While the central tenets of mechanical watchmaking have existed for centuries, a small handful of companies continue to show how this historic craft can be revolutionised while staying true to its artisanal roots. In 2008, more than 200 years after the invention of the tourbillon, A Lange & Söhne did just that with its Cabaret Tourbillon.
This innovative timepiece enabled the oscillating balance inside the rotating cage to be stopped to set the watch to the precise second, enabled by pulling the crown to trigger its complex lever mechanism. This incredible engineering feat now returns in the new Cabaret Tourbillon Handwerkskunst, presented in a sophisticated lozenge design in platinum, limited to 30 pieces.
The dial is a testament to the artistry of the manufacture. The inner area, home to A Lange & Söhne signature out-sized date, has been intricately hand engraved, bringing depth to the design. This is enhanced further with a semi-transparent enamel layer applied to the dial, showcasing its shades of grey to stunning three-dimensional effect. Balancing out the look are two subsidiary counters, indicating the small seconds and power reserve, in complementary rhodium-coloured gold.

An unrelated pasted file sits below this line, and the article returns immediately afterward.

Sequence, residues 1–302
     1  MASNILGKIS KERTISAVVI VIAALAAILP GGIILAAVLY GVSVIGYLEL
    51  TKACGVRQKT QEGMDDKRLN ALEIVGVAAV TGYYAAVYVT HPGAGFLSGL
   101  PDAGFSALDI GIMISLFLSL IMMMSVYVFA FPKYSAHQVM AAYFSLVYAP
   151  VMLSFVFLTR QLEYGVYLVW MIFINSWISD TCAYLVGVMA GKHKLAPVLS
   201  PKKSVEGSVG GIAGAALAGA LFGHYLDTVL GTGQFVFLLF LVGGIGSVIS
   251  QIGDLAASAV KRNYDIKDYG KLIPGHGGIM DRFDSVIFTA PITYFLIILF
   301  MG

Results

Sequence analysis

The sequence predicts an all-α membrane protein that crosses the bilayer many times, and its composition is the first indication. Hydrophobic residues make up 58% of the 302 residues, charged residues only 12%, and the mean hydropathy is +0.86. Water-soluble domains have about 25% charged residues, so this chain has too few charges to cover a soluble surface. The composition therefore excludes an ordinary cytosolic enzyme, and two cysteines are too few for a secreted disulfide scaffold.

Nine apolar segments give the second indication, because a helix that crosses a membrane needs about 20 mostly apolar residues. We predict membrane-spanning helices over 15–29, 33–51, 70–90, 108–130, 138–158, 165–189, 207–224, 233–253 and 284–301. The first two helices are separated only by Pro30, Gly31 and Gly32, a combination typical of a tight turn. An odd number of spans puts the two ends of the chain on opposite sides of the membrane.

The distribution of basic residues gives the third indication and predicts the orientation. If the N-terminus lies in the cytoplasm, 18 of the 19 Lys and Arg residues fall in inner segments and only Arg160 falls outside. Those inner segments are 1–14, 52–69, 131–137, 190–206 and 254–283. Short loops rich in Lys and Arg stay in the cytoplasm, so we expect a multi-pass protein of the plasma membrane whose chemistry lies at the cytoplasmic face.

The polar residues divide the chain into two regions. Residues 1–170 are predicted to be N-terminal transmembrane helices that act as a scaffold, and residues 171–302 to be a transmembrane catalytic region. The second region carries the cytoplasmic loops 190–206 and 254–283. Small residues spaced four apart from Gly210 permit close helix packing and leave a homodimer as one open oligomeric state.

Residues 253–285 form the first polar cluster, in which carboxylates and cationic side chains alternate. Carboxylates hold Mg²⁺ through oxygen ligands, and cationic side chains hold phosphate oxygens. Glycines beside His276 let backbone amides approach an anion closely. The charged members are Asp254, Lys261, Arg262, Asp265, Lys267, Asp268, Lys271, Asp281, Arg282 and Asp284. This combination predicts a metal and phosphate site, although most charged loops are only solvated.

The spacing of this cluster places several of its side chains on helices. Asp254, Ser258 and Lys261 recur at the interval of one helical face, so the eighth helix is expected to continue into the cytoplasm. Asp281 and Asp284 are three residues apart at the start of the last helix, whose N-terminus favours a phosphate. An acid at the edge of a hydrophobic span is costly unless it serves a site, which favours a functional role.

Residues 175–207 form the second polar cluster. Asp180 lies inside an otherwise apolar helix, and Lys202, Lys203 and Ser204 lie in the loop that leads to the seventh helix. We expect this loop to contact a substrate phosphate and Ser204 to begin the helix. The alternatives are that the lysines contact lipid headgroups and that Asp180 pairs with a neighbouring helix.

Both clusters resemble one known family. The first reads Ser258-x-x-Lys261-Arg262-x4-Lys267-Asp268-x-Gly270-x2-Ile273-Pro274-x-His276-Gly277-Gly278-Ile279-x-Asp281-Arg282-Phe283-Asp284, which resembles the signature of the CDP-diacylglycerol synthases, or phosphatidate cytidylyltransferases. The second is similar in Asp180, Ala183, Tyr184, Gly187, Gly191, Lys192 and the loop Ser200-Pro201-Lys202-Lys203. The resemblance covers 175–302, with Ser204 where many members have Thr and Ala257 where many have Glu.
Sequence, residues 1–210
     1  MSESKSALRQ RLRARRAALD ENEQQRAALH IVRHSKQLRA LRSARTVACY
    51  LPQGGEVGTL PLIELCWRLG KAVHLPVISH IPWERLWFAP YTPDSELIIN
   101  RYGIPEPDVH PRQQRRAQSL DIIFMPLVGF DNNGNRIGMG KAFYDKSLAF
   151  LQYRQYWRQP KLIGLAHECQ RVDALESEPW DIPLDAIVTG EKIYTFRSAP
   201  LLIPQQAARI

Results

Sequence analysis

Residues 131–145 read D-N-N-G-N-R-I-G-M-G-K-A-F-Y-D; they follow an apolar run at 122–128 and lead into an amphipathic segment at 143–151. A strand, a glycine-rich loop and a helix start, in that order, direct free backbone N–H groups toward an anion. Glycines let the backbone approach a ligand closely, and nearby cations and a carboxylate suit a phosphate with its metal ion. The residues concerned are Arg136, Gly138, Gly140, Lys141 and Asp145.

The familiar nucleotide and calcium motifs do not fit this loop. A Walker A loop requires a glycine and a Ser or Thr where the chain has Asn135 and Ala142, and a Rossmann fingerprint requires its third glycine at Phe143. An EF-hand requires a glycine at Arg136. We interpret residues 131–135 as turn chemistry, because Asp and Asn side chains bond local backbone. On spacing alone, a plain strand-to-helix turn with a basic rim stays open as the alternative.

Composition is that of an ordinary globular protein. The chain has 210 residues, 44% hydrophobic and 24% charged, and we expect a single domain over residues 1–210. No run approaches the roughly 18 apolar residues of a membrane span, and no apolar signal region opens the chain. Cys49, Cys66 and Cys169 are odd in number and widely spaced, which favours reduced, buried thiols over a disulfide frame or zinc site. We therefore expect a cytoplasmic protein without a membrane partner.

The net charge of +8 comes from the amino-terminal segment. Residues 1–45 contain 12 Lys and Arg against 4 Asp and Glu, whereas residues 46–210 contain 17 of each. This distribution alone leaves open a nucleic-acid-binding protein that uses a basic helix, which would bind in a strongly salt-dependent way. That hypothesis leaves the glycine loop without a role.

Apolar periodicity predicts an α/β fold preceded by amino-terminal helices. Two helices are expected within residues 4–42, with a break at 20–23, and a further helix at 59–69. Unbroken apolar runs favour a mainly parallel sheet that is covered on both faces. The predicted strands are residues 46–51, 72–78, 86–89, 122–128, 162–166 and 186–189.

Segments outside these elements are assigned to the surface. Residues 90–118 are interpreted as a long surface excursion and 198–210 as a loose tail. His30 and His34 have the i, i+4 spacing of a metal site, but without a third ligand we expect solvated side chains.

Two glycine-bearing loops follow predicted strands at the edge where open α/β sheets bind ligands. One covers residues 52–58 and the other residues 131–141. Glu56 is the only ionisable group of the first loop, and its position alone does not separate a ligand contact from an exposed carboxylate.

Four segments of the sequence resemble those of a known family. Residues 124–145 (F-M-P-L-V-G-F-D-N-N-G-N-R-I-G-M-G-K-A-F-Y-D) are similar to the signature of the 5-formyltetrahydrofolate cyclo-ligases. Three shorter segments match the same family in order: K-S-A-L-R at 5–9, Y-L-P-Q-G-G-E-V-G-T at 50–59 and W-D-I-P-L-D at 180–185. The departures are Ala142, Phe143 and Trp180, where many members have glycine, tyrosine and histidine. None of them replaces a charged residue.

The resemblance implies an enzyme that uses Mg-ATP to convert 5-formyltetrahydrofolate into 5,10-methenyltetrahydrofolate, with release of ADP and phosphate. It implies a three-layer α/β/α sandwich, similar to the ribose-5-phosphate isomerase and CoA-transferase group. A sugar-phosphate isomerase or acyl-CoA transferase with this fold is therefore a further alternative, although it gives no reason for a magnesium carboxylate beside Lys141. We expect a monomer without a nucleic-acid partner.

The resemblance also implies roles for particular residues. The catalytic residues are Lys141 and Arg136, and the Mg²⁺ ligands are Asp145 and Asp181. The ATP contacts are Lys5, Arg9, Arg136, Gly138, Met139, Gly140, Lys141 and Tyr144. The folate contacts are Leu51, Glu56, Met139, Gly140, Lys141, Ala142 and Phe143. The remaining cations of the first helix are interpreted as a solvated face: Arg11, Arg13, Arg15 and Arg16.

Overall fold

The tourbillon takes pride of place in an aperture at 6 o’clock, while the manual-wind calibre L042.1 can be fully appreciated through the transparent case back. Here, just as much attention has been paid to aesthetics and finishing as the technically advanced watchmaking. The lozenge motif of the dial is echoed with the black-rhodiumed engravings on the tourbillon. Meanwhile, the alluring grey hues are reflected in the train-wheel bridge, presented in untreated German silver with a granular look that draws from historic pocket watches.
The complex movement, measuring in at a slim 22.3 by 32.6mm, is a tour-de-force of advanced watchmaking, comprising 370 parts, including 84 integrated into the tourbillon. Compared to its 2008 counterpart, this timepiece features a new indexless oscillation system with a Lange balance spring, and is equipped with a twin mainspring barrel delivering a power reserve of 120 hours. The watch is fittingly finished with an engraving on the case back, indicating the rarity of this piece of modern horology history.